Euthanasia can be both voluntary or non voluntary. In voluntary passive euthanasia a person who is capable of deciding for himself decides that he would prefer to die, and for this purpose he consciously and of his own free will refuses to take life saving medicines. In India, if a person consciously and voluntarily refuses to take life saving medical treatment it is not a crime. Non voluntary passive euthanasia implies that the person is not in a position to decide for himself e.g., if he is in coma or PVS. The present is a case where we have to consider non voluntary passive euthanasia i.e. whether to allow a person to die who is not in a position to give his/her consent.

Culminating the discussion the Supreme Court held that the law is now fairly well settled that in the case of incompetent patients, if the doctors act on the basis of informed medical opinion, and withdraw the artificial life support system if it is in the patient’s best interest, the said act cannot be regarded as a crime.

The question remained as to who is to decide what is the patient’s best interest where he is in a persistent vegetative state (PVS)? Most decisions have held that the decision of the parents, spouse, or other close relative, should carry weight if it is an informed one, but it is not decisive.

It is ultimately for the Court to decide, as parens patriae, as to what is is in the best interest of the patient, though the wishes of close relatives and next friend, and opinion of medical practitioners should be given due weight in coming to its decision. As stated by Balcombe, J. in In Re J ( A Minor Wardship : Medical Treatment) 1990(3) All E.R. 930, the Court as representative of the Sovereign as parens patriae will adopt the same standard which a reasonable and responsible parent would do. The parens patriae (father of the country) jurisdiction was the jurisdiction of the Crown. This principle laid down that as the Sovereign it was the duty of the King to protect the person and property of those who were unable to protect themselves. The Court, as a wing of the State, had inherited the parens patriae jurisdiction which formerly belonged to the King.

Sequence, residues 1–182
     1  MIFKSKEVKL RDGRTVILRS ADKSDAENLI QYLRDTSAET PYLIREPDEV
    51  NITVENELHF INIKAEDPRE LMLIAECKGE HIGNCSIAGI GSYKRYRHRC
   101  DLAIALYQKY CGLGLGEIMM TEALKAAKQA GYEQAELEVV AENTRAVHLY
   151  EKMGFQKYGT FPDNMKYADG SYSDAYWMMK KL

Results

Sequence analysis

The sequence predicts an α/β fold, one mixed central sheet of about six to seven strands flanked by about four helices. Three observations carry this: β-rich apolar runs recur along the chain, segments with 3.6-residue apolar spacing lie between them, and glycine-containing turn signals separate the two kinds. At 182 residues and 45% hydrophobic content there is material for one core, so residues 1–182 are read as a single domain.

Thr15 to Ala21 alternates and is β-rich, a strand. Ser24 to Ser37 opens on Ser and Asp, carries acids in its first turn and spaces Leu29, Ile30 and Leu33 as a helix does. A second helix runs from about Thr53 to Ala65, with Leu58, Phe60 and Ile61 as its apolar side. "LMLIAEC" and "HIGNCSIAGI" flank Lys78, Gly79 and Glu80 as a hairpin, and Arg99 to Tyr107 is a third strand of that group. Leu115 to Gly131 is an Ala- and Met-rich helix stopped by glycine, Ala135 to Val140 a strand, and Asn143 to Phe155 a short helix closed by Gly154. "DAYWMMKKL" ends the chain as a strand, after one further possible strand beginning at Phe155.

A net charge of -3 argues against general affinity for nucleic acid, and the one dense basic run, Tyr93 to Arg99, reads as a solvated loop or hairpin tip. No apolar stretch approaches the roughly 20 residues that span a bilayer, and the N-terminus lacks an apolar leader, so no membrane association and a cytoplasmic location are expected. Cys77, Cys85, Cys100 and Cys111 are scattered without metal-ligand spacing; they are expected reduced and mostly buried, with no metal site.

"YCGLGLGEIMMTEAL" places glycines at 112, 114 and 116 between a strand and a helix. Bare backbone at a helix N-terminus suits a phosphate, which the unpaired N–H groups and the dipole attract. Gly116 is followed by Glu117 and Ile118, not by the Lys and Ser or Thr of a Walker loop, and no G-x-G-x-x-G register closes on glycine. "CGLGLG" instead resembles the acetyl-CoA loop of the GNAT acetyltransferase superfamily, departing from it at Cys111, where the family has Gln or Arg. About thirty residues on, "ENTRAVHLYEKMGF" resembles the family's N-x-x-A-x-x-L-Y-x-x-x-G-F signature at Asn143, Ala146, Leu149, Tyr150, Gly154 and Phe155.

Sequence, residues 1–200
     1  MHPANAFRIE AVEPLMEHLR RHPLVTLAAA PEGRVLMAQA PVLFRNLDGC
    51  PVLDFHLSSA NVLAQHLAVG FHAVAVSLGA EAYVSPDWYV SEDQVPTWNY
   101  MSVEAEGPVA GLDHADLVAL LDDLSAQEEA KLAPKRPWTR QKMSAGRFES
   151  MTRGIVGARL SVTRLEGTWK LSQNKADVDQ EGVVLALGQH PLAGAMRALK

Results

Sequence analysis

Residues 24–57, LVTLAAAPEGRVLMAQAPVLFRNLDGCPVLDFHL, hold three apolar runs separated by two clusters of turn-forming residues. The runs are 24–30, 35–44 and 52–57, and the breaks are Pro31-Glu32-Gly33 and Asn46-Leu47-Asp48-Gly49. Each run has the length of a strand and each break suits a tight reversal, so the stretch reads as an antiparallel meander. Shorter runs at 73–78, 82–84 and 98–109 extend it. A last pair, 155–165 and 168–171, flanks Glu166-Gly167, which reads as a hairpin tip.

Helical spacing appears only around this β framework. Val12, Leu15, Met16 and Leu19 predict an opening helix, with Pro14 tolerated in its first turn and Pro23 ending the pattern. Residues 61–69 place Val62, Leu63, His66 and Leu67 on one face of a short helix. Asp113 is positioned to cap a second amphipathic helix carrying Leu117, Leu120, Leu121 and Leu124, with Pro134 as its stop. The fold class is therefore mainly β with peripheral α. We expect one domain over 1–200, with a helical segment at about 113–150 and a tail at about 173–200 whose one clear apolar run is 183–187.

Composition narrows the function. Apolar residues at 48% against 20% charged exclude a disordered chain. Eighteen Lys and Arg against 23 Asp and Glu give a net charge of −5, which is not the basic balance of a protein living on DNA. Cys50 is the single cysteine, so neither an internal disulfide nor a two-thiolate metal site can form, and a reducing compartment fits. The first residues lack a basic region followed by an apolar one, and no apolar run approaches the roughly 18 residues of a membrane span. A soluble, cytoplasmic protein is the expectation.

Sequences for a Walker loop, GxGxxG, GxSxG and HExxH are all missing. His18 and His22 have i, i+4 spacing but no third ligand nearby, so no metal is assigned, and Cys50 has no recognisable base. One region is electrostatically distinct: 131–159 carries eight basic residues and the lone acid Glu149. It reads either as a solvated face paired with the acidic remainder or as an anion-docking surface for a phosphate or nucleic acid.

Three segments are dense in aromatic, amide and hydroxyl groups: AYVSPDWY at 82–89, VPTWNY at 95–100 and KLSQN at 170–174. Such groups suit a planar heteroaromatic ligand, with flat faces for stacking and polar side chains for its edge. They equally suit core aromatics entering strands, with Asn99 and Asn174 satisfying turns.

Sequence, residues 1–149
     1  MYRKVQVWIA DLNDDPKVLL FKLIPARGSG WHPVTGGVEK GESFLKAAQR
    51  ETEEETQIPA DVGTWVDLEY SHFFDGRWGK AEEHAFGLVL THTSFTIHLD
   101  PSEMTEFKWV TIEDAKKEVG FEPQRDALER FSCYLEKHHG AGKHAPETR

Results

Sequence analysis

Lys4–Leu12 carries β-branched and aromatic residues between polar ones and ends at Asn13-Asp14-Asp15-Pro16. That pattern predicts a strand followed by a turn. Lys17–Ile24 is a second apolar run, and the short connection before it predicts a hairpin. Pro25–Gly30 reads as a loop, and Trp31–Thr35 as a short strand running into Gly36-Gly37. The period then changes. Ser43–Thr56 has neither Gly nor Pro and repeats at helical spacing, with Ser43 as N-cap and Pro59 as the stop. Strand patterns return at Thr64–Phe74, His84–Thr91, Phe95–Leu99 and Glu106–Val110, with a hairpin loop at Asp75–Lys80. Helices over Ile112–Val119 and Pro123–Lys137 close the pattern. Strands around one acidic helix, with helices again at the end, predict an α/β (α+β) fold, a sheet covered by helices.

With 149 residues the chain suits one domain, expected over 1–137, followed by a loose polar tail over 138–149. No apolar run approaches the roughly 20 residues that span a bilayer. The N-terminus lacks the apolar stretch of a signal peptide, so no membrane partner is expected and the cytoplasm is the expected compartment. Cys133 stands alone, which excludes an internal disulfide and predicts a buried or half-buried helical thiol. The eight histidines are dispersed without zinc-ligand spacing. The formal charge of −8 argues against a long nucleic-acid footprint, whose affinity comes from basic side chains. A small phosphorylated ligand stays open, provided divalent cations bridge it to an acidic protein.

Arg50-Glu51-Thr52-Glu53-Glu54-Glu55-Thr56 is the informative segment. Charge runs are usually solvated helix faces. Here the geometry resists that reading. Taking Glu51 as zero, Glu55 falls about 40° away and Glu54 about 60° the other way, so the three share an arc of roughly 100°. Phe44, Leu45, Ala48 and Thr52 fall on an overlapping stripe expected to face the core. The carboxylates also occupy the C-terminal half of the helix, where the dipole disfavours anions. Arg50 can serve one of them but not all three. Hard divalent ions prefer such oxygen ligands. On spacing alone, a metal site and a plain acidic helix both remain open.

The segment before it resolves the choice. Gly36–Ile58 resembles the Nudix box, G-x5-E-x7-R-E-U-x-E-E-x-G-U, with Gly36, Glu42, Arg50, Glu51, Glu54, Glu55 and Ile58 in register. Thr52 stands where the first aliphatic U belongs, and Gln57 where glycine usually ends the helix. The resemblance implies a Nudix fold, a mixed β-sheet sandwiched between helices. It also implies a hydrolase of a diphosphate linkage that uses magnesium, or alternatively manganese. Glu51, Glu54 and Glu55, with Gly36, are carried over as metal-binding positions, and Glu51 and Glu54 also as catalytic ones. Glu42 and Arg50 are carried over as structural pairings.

In India abetment of suicide (Section 306 Indian Penal Code) and attempt to suicide (Section 309 of Indian Penal Code) are both criminal offences. This is in contrast to many countries such as USA where attempt to suicide is not a crime. The Supreme Court recommended to Parliament to consider the feasibility of deleting Section 309 from the Indian Penal Code.

It was alleged in the writ petition filed by Ms. Pinky Virani (claiming to be the next friend of Aruna Shanbaug) that in fact Aruna Shanbaug was already dead. The question to be decided was as to when a person could be said to be dead ? After considering the report of Committee of doctors, the Supreme Court held that Aruna had some brain activity. She also recognized that persons are around her and expressed her like or dislike by making some vocal sound and waving her hand by certain movements. Aruna Shanbaug met most of the criteria for being in a permanent vegetative state. From the examination by the team of doctors, it could not be said that Aruna Shanbaug was dead. The next question was whether her life support system should be  withdrawn, and at whose instance? The Supreme Court observed that there is no statutory provision as to the legal procedure for withdrawing life support to a person in PVS or who is otherwise incompetent to take a decision in this connection. It held that passive euthanasia should be permitted in certain situations.